In late December 2020, in the midst of the COVID-19 pandemic, Tucson composer Bob Atwell approached Charles Bontrager, Music Director of the Civic Orchestra of Tucson, and Wallace Burney, its president, about the orchestra’s interest in performing a work in memory of Ruth Bader Ginsburg. Four months later, the performance became a reality and can now be viewed on YouTube.
Read about this piece at Tucson.com (the website of the AZ Daily Star), published on May 14, 2021.
When naming the work, Atwell reflected on how Ruth Bader Ginsburg often provided a strong solo voice of legal reasoning. He decided to use the notes D, Bb, and G as a mini motif to represent her initials. The fact that she spent 13 years (a prime number) on the appeals court and 27 years (3 cubed) on the Supreme Court prompted him to extend the motif to 5-, 7-, and 11-note sets of pitches (all prime numbers). These (and their inversions) became the basis for the work’s melodies. Atwell comments, “I also noticed that in my 11-note set of pitches there was no B natural. This made me think of the famous soliloquy from Hamlet, which starts ‘To be, or not to be….’ To follow through with this concept, I decided not to use the note B natural anywhere in the piece until the very last chord.”
Rather than using a standard-sized orchestra, which would be challenging to assemble during the pandemic, Atwell wrote the 10-minute piece for five separate ensembles of musicians: one group of strings, 2 woodwind quintets, and two brass quintets. In all, 38 volunteer musicians participated in the performance. Each group rehearsed and was recorded independently. Bontrager used a metronome pulse in an earbud to establish a consistent tempo for each recording. Composer Atwell spent many hours editing the audio and video and mixing everything together into the final product. Because each musician was independently miked, volume levels could be adjusted in post-production. Read more about Bob Atwell.
During rehearsals, safety precautions were enforced. Masks were mandatory (except for winds and brass when playing), hand sanitizers were available, musicians were spatially distanced with no sharing of music stands, no restrooms or kitchen were available, rehearsals lasted about 1 hour with several different ensembles meeting each evening, but not together.
Music Director Bontrager applauds the project. “For years I have celebrated the opportunity to help bring new works to life. Therefore, when Bob Atwell approached me with this project I willingly jumped in with both feet—apart from my skeptical, old-fashioned reluctance to create something in the time of COVID-19. But, Bob had a vision and I am so happy to have bought into that vision and this project. ‘Soliloquy’ is a lovely and extremely well-crafted piece that, to a large degree, uses traditional compositional techniques. Certainly, this is true to the ear. To the heart and mind, composer Atwell’s skill often stretches us beyond traditional harmonic and rhythmic expectations with very satisfying results. I am quite confident that the listening and viewing cyber audience will agree. On behalf of the musicians, administration, and artistic leadership of The Civic Orchestra of Tucson, I wish to express gratitude to Bob Atwell for bringing us to this musical adventure.”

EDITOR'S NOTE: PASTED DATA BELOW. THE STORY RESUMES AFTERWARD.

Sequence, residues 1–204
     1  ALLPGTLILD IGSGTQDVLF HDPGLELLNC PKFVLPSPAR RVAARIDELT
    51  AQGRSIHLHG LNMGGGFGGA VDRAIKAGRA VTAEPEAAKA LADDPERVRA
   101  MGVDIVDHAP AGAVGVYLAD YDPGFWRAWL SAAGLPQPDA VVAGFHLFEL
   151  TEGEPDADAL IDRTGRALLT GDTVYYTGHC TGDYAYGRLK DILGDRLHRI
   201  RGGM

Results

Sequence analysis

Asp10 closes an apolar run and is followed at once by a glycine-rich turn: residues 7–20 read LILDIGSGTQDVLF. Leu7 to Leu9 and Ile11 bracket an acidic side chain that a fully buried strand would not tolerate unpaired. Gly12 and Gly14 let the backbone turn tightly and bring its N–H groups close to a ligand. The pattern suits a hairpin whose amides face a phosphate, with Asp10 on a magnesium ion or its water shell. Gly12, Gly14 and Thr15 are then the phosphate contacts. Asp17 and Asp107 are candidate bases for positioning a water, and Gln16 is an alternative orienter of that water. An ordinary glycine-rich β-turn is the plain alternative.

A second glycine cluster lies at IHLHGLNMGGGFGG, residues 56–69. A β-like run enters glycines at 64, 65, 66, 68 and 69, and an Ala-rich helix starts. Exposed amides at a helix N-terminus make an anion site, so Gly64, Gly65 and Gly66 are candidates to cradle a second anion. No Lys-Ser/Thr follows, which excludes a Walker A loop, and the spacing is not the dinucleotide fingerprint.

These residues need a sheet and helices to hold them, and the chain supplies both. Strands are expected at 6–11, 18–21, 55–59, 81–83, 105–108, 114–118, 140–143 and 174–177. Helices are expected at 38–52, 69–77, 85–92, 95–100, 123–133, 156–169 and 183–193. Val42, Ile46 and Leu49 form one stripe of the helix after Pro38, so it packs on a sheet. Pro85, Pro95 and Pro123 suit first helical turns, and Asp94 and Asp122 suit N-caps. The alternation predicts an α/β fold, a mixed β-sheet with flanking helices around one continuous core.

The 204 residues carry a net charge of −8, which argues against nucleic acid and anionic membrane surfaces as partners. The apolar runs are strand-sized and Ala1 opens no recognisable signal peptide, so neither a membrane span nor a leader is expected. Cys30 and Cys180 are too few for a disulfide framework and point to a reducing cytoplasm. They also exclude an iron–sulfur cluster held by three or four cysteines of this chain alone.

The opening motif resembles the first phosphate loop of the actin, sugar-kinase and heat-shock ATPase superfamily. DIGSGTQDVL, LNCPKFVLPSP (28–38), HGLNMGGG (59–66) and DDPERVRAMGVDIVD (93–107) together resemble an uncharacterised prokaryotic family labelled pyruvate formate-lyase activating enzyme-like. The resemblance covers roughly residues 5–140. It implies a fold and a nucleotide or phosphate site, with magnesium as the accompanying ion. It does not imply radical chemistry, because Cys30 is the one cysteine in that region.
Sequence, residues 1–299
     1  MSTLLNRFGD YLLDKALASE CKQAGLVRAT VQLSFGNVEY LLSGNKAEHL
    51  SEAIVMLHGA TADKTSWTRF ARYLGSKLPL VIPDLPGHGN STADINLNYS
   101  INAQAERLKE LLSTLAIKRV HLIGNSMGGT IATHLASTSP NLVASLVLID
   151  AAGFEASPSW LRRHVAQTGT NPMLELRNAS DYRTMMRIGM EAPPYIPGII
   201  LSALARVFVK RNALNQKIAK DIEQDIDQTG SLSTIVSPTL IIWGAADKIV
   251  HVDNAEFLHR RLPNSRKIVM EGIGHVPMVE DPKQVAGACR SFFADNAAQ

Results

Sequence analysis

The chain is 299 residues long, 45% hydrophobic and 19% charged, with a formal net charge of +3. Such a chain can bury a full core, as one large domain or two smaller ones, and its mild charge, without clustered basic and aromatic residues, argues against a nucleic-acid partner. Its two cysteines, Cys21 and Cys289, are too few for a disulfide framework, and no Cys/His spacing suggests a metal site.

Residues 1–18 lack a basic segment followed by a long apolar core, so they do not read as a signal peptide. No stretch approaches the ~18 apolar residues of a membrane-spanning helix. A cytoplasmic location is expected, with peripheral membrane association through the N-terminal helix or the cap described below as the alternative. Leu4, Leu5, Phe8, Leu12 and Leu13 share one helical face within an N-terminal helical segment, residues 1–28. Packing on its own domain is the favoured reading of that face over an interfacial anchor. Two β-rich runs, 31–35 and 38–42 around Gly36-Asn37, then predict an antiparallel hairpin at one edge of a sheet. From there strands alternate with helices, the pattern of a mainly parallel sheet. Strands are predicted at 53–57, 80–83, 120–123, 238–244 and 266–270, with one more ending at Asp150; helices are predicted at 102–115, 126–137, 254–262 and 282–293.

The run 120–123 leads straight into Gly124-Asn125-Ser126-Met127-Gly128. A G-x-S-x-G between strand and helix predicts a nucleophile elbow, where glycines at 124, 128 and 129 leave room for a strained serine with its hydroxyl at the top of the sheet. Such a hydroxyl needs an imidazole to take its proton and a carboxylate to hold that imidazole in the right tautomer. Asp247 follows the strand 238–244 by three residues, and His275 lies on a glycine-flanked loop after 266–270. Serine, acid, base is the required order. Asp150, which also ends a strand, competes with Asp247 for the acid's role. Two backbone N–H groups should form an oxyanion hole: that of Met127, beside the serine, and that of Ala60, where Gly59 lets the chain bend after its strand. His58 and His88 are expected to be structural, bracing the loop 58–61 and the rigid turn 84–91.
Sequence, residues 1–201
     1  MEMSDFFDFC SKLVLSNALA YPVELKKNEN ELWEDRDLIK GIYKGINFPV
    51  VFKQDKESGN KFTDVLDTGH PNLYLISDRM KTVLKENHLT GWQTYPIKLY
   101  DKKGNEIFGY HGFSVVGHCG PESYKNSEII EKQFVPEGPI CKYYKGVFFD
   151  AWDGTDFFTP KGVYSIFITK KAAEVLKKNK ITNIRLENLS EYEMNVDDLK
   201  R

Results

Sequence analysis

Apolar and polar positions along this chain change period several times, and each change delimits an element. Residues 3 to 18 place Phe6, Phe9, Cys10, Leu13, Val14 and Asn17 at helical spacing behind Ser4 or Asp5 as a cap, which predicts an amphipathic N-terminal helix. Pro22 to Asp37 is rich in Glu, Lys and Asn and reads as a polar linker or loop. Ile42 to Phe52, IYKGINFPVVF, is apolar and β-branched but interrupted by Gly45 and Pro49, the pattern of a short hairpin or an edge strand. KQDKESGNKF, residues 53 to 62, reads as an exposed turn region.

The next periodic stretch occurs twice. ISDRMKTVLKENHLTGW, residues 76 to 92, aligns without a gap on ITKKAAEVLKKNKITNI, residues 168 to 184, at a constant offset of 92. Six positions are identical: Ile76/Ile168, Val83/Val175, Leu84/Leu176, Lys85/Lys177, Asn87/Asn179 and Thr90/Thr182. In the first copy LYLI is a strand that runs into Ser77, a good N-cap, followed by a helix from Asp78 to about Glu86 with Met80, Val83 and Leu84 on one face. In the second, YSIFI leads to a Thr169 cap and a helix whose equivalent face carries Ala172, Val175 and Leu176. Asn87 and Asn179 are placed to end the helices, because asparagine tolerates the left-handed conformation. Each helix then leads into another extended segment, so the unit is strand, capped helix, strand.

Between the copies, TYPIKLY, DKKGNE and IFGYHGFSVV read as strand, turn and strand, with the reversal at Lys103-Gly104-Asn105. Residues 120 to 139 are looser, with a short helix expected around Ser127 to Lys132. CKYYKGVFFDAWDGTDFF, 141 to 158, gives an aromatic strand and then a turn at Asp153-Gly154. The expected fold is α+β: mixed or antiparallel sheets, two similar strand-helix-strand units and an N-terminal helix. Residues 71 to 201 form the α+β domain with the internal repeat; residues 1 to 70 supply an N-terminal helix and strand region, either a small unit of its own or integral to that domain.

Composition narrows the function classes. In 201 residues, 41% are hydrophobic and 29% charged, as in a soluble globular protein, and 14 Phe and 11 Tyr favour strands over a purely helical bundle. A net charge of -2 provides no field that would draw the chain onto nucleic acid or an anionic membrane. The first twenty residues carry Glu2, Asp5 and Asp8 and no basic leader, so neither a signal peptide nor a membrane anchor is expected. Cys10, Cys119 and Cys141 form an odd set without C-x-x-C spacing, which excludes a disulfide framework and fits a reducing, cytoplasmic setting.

Musicians Performing “Soliloquy”
Violin I Violin II Viola Cello Double Bass Audio Recording
Emily Evans, Concertmaster
Stephan Schmidt, Accent Audio Productions
Woodwinds 1 Woodwinds 2 Brass 1 Brass 2 Video Recording
Flute 1 – Fran Moskovitz
Flute 2 – Caleb Hathway
Clarinet 1 – Chauncey Roach
Clarinet 2 – Rich Grossman
Bass Clarinet – Deon Hill
Oboe 1 – Zachary Ashland
Oboe 2 – Wren Requist
English Horn – Sydney Streightiff
Bassoon 1 – Barbara Bayless
Bassoon 2 – Deborah Gurocak
Horn 1 – William Winkelman
Horn 2 – Elaine Walter
Horn 3 – Steve Ralsten
Horn 4 – Taylor Drake
Euphonium – Thomas Herrera
Trumpet 1 – Richard Blickenstaff
Trumpet 2 – Larry Redhouse
Trombone 1 – Thomas Landon
Trombone 2 – Mike Doyle
Tuba – Ken Wilson
Charles David Young